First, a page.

Florida leads nation in study of violence against homeless

Posted on December 18th, by Sean Cononie in Uncategorized. No Comments

Sun Sentinel

Florida leads nation in study of violence against homeless

By Wayne K. Roustan, Sun Sentinel

10:32 AM EST, December 18, 2013



Florida ranks first in the nation, again, as the most dangerous place for the homeless to live, according to the 2012 Homeless Hate Crimes report.

The National Coalition for the Homeless has tracked violence against homeless people across the country since 1999. Homeless-on-homeless attacks are not included in the findings.

Florida has led the nation all but once between 2005 and 2012, statistics show.

Florida had 15 reported attacks against the homeless last year, more than double the incidents in second-ranked California. Two of those 15 attacks were deadly; both were in South Florida.

On Dec. 1, 2012, Bradley Suessine, 42, was stabbed to death with a butcher knife behind a restaurant in Deerfield Beach. John Stabile, 23, confessed to killing the homeless man and awaits sentencing.

On Dec. 12, 2012, Gregory Hyppolite, 32, died after being beaten and repeatedly stabbed with a pen behind an auto parts store in Hallandale Beach. Cousins Jose Llano-Xolo, then 14, and Juan Xolo-Merlin, then 17, were charged in the homeless man’s death.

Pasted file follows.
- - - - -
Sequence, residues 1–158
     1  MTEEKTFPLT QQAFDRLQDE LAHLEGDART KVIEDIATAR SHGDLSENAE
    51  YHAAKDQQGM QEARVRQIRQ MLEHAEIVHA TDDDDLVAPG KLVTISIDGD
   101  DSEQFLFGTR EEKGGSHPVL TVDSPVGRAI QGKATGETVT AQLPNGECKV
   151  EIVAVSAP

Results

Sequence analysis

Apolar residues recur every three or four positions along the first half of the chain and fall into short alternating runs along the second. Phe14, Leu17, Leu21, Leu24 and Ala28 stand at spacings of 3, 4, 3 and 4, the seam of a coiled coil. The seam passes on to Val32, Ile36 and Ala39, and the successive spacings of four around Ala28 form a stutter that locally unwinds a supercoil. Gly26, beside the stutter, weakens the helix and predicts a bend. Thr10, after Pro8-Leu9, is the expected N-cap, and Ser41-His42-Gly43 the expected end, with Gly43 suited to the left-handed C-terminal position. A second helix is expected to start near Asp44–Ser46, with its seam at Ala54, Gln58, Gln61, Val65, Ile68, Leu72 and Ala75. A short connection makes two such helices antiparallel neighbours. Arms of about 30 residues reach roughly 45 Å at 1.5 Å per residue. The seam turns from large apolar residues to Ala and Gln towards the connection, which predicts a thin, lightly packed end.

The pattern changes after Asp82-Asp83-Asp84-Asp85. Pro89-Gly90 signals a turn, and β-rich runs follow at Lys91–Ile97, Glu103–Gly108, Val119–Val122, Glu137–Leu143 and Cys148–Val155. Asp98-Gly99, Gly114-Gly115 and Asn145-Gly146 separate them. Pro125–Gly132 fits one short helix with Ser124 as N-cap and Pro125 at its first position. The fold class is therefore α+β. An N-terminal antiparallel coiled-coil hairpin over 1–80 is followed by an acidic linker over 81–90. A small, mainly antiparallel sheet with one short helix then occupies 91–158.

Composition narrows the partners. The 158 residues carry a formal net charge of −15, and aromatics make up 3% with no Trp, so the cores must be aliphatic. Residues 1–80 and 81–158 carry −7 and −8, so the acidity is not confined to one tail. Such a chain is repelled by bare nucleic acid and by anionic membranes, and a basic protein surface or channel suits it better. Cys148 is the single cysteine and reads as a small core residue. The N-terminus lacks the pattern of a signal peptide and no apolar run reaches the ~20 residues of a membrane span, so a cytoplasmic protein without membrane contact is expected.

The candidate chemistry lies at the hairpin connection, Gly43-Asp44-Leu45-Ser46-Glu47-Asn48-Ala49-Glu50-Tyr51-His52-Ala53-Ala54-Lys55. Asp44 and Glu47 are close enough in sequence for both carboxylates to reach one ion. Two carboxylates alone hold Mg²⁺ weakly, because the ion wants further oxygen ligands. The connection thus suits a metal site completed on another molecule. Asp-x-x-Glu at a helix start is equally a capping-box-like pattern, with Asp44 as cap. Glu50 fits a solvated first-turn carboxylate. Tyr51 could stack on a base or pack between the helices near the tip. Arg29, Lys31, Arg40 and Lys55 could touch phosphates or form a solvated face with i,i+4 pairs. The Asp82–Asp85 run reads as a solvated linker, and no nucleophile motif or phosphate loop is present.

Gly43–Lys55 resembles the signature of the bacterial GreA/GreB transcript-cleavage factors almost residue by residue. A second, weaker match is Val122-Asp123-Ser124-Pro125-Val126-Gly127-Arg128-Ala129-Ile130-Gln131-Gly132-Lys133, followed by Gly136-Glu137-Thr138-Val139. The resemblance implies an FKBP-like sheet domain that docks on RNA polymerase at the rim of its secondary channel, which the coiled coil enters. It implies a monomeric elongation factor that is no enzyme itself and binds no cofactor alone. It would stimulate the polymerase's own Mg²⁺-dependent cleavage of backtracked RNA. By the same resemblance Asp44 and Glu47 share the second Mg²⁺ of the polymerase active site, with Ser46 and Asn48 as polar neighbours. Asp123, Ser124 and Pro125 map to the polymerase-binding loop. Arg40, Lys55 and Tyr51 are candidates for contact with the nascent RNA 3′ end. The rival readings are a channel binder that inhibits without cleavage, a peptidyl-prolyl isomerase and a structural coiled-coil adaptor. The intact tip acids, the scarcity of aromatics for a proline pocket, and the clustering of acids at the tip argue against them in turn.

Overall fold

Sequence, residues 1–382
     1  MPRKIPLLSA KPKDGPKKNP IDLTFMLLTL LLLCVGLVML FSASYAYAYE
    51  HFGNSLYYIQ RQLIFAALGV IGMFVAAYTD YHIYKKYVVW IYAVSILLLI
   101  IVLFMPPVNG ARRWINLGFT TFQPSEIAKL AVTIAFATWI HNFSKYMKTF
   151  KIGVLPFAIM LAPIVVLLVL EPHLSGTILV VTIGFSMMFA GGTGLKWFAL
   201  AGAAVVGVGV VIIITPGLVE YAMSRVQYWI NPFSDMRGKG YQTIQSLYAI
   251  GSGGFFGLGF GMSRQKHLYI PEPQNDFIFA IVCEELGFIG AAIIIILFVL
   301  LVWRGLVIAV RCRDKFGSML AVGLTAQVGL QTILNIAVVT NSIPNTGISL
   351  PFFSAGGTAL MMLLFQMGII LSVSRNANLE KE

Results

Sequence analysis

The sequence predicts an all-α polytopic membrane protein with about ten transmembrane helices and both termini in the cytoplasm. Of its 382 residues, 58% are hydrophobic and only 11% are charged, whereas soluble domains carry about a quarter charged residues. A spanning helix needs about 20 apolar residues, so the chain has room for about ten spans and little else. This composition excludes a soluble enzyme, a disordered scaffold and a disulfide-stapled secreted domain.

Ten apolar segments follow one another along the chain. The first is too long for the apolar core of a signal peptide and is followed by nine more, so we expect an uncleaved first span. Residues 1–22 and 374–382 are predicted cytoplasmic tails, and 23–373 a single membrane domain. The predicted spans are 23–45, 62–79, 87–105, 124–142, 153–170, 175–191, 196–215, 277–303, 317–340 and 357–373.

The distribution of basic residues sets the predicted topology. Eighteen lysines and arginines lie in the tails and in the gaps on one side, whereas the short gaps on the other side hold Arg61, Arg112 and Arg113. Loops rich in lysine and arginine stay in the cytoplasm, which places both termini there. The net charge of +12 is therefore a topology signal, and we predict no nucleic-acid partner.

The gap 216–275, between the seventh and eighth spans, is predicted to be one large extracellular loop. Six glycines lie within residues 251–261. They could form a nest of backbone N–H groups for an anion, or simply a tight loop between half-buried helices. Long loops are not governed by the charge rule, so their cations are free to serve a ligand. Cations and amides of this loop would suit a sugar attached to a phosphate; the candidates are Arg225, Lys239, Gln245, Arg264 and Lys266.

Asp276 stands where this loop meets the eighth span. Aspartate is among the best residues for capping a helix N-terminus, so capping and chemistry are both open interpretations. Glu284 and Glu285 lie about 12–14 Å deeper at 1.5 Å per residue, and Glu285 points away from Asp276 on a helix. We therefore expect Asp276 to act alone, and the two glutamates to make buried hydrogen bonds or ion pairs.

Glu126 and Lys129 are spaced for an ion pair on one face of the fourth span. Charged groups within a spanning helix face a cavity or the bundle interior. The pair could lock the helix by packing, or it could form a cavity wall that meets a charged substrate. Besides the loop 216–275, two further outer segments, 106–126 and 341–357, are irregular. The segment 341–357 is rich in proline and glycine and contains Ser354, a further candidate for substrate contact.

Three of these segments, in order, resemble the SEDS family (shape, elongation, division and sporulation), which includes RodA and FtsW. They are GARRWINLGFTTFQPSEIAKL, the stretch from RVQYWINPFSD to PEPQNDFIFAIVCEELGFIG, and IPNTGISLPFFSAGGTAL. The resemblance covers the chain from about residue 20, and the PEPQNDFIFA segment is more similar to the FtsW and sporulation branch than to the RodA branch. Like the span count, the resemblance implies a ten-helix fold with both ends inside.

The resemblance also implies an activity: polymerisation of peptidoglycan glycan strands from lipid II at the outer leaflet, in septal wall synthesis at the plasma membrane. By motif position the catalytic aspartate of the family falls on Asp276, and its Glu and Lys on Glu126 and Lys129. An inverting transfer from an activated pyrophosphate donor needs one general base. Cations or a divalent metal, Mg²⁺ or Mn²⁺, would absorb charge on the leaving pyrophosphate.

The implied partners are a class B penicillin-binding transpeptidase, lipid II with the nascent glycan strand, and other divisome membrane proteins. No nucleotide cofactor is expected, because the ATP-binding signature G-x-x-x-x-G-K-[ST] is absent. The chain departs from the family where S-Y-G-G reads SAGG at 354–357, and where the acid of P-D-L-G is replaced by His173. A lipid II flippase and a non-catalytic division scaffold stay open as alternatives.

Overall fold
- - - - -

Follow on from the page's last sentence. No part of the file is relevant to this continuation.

These cases fit a national profile. The study showed attackers are almost always men younger than 30, while the victims are mostly men 40 and older.

The study, released Tuesday, also lists 357 fatal attacks on the homeless nationally since 1999, compared with 132 deaths of people classified as protected under the hate crime laws of various states during the same time period, according to the FBI.

Sean Cononie, publisher of the Homeless Voice newspaper and director of the COSAC Foundation homeless shelter in Hollywood, said federal authorities should classify attacks against the homeless as hate crimes with stiff penalties.

“I think Congress should make [the homeless] a protected class as fast as possible and not wait 14 years,” he said. Florida amended its hate crime laws in 2010 to include homeless persons.

The study showed that overall, deadly attacks against the homeless were down from 32 to 18, or 10 percent nationwide, between 2011 and 2012.

“That could be based on some of the states’ hate crime laws and also the education [in schools] that’s being done throughout the country,” Cononie said. “But don’t forget there are still loads and loads [of attacks on the homeless] that aren’t reported out there.”

wkroustan@tribune.com or 954-356-4303


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